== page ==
Study: Increase in Patents and Trademarks for Women
By Julia at Legal Language
Posted on 05/10/2012
In Intellectual Property
A recent study commissioned by the National Women’s Business Council found that the number of women awarded patents and trademarks has increased greatly over the last several decades.
The report analyzed data obtained from the United States Patent and Trademark Office from 1975 to 2010.
The patent office does not ask applicants about their gender. In order to ascertain the number of female applicants, the study looked at the number of female names attached to patent and trademark applications, paying particular attention to the uncommon names of Chinese, Korean, Indian, Japanese and European origin for accuracy. Then the group zeroed in on specific industries in which women entrepreneurs were receiving the most patents and trademarks.
A patent is a form of intellectual property reserved for new and novel inventions. The patent affords the owner the sole right to make, use or sell the invention.
From 2009 to 2010, the number of patents awarded to women went up almost 35 percent. Between the years of 1986 and 1993, women obtained patents at the highest sustained rate. The rate was slowest between 1999 and 2006.
The study revealed that the rate at which women are becoming primary inventors is “accelerating,” especially in emerging high-tech industries. There was a 101 percent increase from 2008 to 2010 in women being awarded patents in electrical computers and digital processing systems. Women-owned patents saw the most increase in categories such as chemistry and bio-affecting drugs.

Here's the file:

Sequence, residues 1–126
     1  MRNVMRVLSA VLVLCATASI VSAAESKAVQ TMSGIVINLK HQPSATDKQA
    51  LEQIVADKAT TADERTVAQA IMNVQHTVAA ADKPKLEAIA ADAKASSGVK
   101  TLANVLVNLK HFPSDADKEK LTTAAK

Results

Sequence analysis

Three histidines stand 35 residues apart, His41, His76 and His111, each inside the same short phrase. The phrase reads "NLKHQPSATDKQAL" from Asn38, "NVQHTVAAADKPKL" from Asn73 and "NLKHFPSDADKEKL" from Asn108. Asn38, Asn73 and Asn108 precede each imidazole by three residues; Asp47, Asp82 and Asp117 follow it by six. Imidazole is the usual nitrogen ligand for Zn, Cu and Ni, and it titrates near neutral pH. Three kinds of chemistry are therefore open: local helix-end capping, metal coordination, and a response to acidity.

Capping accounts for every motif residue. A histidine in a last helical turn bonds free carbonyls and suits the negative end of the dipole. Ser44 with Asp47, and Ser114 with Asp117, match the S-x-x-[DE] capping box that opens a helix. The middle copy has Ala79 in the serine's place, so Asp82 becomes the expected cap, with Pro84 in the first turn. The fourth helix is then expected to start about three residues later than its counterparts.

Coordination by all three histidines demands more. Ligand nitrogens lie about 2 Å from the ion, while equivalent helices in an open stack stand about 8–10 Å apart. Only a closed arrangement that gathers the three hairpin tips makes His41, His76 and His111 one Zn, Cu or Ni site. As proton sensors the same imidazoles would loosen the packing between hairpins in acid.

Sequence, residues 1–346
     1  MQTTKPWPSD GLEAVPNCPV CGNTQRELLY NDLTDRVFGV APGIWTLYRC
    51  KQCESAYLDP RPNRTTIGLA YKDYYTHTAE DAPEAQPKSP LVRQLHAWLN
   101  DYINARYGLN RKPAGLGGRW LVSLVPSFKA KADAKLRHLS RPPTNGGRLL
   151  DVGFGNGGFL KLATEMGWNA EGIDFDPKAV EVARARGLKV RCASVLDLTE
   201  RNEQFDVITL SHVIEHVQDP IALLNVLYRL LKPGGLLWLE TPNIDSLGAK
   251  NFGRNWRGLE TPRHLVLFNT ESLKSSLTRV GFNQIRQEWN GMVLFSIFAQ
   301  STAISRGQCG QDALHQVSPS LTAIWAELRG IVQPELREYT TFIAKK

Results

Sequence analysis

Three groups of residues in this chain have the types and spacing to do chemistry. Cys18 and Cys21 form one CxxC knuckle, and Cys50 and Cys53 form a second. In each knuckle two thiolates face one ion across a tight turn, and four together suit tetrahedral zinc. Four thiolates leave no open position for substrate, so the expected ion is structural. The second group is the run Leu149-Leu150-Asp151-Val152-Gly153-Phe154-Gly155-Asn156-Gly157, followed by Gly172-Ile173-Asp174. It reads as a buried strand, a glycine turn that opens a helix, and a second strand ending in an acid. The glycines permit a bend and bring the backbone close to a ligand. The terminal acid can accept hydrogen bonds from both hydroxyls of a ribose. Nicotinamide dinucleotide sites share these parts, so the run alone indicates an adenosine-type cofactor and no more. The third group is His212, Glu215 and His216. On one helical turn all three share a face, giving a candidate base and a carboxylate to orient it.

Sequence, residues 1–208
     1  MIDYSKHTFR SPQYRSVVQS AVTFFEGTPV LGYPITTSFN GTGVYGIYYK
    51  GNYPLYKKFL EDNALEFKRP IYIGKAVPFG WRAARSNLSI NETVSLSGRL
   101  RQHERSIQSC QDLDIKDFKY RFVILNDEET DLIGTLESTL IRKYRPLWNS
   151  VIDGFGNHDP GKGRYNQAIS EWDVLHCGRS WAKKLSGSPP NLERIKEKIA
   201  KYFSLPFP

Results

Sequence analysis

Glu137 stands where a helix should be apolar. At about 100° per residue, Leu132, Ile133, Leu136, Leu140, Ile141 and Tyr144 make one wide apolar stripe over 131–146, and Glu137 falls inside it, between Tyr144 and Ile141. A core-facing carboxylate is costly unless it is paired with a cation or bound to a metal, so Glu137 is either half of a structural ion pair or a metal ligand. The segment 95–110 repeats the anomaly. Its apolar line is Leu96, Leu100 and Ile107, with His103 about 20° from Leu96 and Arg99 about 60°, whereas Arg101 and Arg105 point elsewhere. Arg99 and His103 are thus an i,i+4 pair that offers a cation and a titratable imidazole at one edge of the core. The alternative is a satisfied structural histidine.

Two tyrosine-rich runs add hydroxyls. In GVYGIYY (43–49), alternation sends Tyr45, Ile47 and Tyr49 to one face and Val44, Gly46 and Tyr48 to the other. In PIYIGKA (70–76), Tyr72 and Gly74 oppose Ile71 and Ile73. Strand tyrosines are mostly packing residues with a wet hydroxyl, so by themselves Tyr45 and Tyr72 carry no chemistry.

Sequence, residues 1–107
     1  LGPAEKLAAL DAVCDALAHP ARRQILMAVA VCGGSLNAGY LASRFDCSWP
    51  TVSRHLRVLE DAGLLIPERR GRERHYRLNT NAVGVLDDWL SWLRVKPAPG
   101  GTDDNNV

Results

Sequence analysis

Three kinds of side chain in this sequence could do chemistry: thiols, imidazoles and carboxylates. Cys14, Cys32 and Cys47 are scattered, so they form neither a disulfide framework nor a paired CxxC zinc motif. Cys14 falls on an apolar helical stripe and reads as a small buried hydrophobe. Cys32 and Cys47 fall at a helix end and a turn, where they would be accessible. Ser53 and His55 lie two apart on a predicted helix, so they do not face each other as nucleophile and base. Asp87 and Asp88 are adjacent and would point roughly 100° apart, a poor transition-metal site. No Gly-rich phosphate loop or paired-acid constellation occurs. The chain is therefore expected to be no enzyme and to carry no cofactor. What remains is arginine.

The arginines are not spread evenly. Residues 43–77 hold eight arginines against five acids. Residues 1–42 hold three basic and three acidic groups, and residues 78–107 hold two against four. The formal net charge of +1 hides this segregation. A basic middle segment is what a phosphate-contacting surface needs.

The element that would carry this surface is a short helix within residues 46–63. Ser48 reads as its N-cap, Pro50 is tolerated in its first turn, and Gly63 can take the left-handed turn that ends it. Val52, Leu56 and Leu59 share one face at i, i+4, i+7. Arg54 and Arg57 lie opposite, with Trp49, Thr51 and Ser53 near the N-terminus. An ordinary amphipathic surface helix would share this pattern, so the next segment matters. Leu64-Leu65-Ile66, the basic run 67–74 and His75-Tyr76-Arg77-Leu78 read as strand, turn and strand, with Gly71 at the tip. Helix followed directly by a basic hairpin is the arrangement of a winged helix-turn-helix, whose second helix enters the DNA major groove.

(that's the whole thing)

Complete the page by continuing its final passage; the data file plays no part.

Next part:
The ratio of successful female patent applicants to male patent applicants varies by year. For example, in 2010, approximately 18 percent of all patents were given to women, a 4 percent increase from a decade earlier.
The data also suggests that women are more likely to be independent entrepreneurs and keep their patents, while men tend to lead research for businesses and corporations. Interestingly, of the total number of patents with at least one woman inventor from 1975 to 2010, more than 75 percent of those assigned were assigned to non-governmental organizations.
A trademark is a different form of intellectual property that protects distinctive symbols and words that identify and represent a company or product. Trademark rights give the owner the exclusive right to use the mark, and to prevent others from using marks that are confusingly similar.
Women have participated in successful trademarks at a significantly higher rate. In 2010, women obtained more than 33 percent of all trademarks granted, compared to 16.5 percent in 1980. In those 30 years, the percentage of trademarks granted to women doubled.
Some industries showed a higher participation by women entrepreneurs. These included advertising and business, clothing, education and entertainment, scientific and technological services, and paper goods and printed matter. The rise of scientific and technological services shows that women are playing an increasing role in this sector.
Increase in Entrepreneurship?
The report may indicate that women are increasingly turning to entrepreneurship as a source of income. News outlets also suggest that during the current recession, there has been an upswing in entrepreneurship, as the downturn pushed laid-off workers to pursue their passions.